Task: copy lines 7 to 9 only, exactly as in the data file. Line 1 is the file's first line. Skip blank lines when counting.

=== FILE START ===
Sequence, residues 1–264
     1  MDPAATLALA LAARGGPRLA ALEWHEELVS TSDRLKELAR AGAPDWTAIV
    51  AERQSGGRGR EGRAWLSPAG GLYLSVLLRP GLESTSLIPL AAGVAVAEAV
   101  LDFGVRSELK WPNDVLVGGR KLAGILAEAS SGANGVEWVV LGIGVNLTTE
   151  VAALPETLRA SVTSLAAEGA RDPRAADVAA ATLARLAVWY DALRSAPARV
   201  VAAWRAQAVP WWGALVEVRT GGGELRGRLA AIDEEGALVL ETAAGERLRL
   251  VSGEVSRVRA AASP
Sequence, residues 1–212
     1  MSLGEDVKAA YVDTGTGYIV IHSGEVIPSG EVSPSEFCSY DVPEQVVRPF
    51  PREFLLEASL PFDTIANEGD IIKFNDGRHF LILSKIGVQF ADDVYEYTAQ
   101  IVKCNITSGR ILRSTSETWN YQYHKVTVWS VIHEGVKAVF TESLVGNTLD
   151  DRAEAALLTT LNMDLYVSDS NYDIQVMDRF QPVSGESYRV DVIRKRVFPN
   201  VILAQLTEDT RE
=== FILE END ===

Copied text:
   251  VSGEVSRVRA AASP
Sequence, residues 1–212
     1  MSLGEDVKAA YVDTGTGYIV IHSGEVIPSG EVSPSEFCSY DVPEQVVRPF